The Indian prince who refused to believe the first relations concerning the effects of frost reasoned justly, and it naturally required very strong testimony to engage his assent to facts which arose from a state of nature with which he was unacquainted, and bore so little analogy to those events of which he had had constant and uniform experience. Though they were not contrary to his experience, they were not conformable to it (2).
But in order to increase the probability against the testimony of witnesses, let us suppose that the fact which they affirm, instead of being only marvellous, is really miraculous, and suppose also, that the testimony, considered apart and in itself, amounts to an entire proof; in that case there is proof against proof, of which the strongest must prevail, but still with a diminution of its force, in proportion to that of its antagonist.
A miracle is a violation of the laws of nature; and as a firm and unalterable experience has established these laws, the proof against a miracle, from the very nature of the fact, is as entire as any argument from experience can possibly be imagined. Why is it more than probable that all men must die; that lead cannot of itself remain suspended in the air; that fire consumes wood, and is extinguished by water; unless it be that these events are found agreeable to the laws of nature, and there is required a violation of these laws, or, in other words, a miracle to prevent them? Nothing is esteemed a miracle if it ever happen in the common course of nature. It is no miracle that a man seemingly in good health should die on a sudden : because such a kind of death, though more unusual than any other, has yet been frequently observed to happen. But it is a miracle that a dead man should come to life; because that has never been observed in any age or country. There must, therefore, be an uniform experience against every miraculous event, otherwise the event would not merit that appellation. And as an uniform experience amounts to a proof page 10 there is here a direct and full proof from the nature of the fact against the existence of any miracle; nor can such a proof be destroyed or the miracle rendered credible by an opposite proof, which is superior (3).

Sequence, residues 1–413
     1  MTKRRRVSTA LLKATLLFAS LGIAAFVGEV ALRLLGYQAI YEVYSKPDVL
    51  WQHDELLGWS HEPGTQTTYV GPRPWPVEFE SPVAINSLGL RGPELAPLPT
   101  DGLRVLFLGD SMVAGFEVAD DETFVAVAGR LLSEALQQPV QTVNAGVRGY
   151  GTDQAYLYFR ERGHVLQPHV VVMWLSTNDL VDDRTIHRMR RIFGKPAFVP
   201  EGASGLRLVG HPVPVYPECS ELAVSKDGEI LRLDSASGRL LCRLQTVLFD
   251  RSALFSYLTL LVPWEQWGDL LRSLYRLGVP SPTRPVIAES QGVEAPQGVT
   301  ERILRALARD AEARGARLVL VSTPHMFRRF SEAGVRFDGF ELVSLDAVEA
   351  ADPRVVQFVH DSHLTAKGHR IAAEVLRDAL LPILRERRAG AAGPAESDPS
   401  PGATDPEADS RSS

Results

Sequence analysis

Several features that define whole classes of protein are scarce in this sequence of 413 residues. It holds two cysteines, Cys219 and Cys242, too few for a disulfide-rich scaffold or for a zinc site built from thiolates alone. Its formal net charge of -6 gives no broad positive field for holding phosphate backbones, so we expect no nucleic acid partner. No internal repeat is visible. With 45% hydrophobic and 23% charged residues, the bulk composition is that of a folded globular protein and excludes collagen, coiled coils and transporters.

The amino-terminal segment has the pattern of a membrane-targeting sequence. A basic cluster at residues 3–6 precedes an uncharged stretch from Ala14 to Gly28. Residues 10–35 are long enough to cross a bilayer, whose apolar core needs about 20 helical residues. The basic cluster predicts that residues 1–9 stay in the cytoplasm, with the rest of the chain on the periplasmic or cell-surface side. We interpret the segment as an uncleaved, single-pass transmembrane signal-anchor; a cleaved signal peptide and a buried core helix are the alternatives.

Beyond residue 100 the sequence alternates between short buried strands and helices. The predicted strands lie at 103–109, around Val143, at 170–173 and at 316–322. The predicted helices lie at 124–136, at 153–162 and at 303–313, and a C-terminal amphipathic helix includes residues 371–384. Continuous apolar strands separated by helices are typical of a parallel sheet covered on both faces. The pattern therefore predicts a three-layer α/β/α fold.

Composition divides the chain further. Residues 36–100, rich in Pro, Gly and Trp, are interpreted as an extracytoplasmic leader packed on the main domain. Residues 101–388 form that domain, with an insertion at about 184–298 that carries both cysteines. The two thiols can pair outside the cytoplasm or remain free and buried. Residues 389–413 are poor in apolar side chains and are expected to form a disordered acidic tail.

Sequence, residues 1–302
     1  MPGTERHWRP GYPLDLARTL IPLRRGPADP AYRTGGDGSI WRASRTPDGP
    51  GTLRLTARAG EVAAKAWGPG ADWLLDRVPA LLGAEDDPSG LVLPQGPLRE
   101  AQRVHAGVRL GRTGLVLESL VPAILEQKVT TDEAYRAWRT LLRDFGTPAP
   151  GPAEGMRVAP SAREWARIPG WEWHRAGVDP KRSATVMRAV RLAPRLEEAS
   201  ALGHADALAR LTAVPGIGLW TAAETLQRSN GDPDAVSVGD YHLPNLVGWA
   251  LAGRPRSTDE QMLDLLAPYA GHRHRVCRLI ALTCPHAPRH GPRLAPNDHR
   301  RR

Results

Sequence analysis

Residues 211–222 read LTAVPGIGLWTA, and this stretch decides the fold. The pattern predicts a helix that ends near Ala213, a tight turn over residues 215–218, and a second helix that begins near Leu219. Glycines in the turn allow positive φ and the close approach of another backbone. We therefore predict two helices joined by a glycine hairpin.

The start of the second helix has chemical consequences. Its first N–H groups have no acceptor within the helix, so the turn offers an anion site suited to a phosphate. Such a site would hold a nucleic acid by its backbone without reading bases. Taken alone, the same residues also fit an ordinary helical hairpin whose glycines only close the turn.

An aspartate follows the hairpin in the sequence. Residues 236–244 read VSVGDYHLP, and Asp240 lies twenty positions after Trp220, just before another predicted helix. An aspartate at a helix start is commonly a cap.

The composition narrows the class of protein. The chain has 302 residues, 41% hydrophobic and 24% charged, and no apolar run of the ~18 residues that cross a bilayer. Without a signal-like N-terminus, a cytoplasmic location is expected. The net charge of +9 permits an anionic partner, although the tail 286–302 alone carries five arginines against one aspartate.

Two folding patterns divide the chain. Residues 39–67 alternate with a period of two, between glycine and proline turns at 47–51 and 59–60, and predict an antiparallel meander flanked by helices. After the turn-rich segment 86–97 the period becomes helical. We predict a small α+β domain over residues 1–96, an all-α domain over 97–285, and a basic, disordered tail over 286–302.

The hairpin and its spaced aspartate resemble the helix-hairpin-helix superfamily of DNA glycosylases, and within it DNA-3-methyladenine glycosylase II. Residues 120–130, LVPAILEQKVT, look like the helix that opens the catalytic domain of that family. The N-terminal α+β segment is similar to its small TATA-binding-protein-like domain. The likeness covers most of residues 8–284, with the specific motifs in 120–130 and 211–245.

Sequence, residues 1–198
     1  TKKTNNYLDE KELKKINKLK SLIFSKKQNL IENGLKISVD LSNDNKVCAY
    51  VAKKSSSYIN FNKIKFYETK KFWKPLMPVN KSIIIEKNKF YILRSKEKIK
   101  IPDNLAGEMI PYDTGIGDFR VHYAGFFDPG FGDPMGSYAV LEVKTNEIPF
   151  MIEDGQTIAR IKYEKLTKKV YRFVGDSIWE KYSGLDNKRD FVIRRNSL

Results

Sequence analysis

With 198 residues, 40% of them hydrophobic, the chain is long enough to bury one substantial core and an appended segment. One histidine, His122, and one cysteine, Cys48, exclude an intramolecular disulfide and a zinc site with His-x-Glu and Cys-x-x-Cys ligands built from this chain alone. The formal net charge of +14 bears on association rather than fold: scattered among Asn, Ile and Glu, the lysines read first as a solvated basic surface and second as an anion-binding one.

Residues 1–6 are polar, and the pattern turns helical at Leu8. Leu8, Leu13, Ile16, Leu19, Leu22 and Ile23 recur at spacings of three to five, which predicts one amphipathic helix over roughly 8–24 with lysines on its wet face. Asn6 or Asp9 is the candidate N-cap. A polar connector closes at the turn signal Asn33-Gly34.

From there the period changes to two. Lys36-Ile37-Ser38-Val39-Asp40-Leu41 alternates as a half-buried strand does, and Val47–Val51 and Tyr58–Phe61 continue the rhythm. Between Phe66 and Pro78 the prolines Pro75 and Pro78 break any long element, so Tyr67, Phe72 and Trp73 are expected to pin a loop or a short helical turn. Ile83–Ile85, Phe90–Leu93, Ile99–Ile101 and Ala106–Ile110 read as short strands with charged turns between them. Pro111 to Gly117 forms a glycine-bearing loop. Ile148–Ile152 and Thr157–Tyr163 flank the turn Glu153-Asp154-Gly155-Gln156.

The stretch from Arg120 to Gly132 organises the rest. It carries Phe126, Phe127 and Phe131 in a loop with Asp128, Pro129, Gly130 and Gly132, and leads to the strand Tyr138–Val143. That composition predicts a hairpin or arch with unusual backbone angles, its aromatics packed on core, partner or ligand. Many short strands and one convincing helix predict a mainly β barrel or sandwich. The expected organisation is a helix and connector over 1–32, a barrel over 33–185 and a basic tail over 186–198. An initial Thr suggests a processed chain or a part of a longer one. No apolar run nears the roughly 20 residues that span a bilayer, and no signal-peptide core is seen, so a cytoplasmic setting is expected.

The plain consequence is (and it is a general maxim worthy of our attention), "That no testimony is sufficient to establish a miracle unless the testimony be of such a kind that its falsehood would be more miraculous than the fact which it endeavors to establish: And even in that case there is a mutual destruction of arguments, and the superior only gives us an assurance suitable to that degree of force which remains after deducting the inferior." When anyone tells me that he saw a dead man restored to life, I immediately consider with myself whether it be more probable that this person should either deceive or be deceived, or that the fact which he relates should really have happened. I weigh the one miracle against the other; and, according to the superiority which I discover, I pronounce my decision, and always reject the greater miracle, if the falsehood of his testimony would be more miraculous than the event which he relates; then, and not till then, can he pretend to command my belief or opinion.